Daily Archives: January 23, 2014

Self-plagiarism: Is there really a problem with it? (Spoiler alert: Yeah, there is, and it’s a serious one)

Title page of self-plagiarism white paper from iThenticate“Writers often claim that because they are the authors, they can reuse their work, either in full or in excerpts, over and over again. How can republishing one’s own work be defined as plagiarism if the author has only used his or her own words and ideas?”

It depends on the kind of writing you’re doing. In marketing, for example, the best way to stay consistent and on-message is to use the same words over and over when you write, say, a webpage, a brochure, and your boss’s presentation for a trade show.

But you are a scholar, a researcher. You’re held to a different and higher standard. There’s an expectation that everything you publish is not only your own work but also new, fresh, and original. And that makes it an entirely different matter.

To make it clear just how different, the Office of Research Compliance and Ethics has posted a white paper on self-plagiarism on its website. The paper was produced by iThenticate, a producer of professional plagiarism detection and prevention software (it compares manuscripts against a database of over 43 billion web pages and 130 million content items). The quotes above and below are from the white paper.

“This white paper explores the definition of self-plagiarism, how it crosses into copyright laws and ethical issues, and the different ways an author can avoid this increasingly controversial act of scholarly misconduct.”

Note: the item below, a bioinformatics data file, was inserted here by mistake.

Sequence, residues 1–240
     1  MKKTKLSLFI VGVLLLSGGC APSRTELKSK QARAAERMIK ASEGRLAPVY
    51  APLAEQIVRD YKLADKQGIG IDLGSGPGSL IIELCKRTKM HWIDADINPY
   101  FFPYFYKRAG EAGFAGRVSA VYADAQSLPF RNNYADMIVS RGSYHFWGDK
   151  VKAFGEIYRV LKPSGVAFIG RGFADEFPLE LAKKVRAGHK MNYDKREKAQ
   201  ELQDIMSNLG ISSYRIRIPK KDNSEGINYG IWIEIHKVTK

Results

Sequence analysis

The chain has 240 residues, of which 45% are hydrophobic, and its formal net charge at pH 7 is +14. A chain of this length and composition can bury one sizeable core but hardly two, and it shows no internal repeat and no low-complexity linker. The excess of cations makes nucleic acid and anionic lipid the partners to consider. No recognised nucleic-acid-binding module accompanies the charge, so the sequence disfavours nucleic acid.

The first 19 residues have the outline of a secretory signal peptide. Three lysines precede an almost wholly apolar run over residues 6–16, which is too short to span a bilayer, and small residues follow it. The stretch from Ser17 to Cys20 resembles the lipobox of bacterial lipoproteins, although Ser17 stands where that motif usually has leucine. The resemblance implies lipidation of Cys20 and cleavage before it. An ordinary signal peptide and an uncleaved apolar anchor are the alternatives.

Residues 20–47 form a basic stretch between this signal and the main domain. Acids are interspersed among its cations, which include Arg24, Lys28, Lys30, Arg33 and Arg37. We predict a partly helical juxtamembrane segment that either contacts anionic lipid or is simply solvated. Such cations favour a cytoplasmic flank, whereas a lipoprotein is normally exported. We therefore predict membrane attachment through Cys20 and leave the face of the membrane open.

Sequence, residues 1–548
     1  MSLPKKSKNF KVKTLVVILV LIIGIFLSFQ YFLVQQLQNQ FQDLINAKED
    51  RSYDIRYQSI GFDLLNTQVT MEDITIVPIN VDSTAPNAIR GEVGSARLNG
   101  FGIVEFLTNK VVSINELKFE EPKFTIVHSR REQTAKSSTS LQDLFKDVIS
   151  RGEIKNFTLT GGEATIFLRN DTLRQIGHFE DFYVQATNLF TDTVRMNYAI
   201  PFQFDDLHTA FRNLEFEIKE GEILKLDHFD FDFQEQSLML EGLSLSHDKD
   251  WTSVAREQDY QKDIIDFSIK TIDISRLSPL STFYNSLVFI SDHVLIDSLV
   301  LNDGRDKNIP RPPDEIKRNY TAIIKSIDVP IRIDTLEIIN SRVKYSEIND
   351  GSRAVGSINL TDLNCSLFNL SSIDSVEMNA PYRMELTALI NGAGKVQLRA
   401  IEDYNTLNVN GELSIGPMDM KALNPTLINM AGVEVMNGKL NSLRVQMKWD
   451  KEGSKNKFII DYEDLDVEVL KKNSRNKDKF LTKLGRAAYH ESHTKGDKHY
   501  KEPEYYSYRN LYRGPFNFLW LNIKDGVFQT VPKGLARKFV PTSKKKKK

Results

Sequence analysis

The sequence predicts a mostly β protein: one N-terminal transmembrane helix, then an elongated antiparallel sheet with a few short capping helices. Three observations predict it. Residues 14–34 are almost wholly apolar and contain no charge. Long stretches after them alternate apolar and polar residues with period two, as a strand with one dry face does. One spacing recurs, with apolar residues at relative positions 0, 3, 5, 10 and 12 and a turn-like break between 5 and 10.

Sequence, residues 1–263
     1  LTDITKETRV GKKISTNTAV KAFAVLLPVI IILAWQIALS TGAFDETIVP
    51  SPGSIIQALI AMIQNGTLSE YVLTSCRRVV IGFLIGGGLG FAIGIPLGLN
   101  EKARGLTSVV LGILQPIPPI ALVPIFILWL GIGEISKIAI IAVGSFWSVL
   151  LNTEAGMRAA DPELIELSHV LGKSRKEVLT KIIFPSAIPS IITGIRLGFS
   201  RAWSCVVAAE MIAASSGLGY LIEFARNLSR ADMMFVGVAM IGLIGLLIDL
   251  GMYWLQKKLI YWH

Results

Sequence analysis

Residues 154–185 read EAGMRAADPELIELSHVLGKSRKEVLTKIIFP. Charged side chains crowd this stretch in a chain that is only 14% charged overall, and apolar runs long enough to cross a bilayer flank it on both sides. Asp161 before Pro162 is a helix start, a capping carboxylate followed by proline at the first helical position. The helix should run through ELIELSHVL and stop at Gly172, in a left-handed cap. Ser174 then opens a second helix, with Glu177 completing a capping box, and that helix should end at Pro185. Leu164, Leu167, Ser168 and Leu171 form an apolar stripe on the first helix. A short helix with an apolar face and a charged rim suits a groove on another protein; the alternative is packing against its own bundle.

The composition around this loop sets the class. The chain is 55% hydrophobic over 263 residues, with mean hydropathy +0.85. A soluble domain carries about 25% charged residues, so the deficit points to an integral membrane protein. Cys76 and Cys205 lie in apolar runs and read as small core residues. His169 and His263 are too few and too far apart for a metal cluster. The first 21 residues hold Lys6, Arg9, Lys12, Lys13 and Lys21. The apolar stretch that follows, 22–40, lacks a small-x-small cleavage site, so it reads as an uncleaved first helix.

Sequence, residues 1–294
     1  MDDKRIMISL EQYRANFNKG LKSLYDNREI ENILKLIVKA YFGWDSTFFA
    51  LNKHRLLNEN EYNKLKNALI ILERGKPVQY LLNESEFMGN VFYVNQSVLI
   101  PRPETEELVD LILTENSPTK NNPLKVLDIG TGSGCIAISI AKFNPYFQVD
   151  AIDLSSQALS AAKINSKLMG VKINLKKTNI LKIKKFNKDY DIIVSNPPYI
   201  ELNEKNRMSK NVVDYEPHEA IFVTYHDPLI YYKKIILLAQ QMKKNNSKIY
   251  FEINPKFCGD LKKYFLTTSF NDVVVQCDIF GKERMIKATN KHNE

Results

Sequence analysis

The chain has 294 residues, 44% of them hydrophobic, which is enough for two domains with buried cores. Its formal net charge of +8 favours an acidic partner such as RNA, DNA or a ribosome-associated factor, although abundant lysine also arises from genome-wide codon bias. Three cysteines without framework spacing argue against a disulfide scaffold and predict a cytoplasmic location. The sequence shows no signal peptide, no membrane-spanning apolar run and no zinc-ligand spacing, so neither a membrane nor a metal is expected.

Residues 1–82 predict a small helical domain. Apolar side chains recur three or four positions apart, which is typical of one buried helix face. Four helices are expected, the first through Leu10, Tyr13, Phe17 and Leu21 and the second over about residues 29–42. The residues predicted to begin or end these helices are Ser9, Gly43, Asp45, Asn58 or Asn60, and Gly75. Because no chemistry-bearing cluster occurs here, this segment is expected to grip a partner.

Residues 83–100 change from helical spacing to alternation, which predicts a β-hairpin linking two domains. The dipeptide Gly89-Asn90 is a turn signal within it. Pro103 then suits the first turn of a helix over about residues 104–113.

N.C. A&T uses iThenticate as a check against plagiarism, accidental or not, selfie or not, on research proposals.  It has helped a number of researchers avoid problems.

Click here for the white paper. And be careful out there.

The new relationship between editors, freelancers: unexplored territory for A&T journalism researchers

As newspapers depend more on freelance journalists to produce content for print and online publications, a study by two North Carolina A&T researchers examines the pros and cons of the newspaper editor and freelance journalist relationship in the digital age.

The study was conducted by Kim Smith, Ph.D., an assistant professor in the Department of Journalism and Mass Communication, and Emily Harris, M.A.J., a lecturer in the department and advisor to the award-winning A&T Register student newspaper. The researchers found no studies in the literature focusing on the editor/freelance journalist relationship in the digital age.

Such a study is important because of the dramatic changes taking place in the newspaper business. More newspapers are downsizing their full-time news staffs as print readership and ad revenues decrease, while online readership and ad revenue increase. Unable to hire full-time reporters to provide content for print and 24-hour online publications, some newspapers are forced to hire freelance (part-time) journalists, who get paid by story and receive no benefits.

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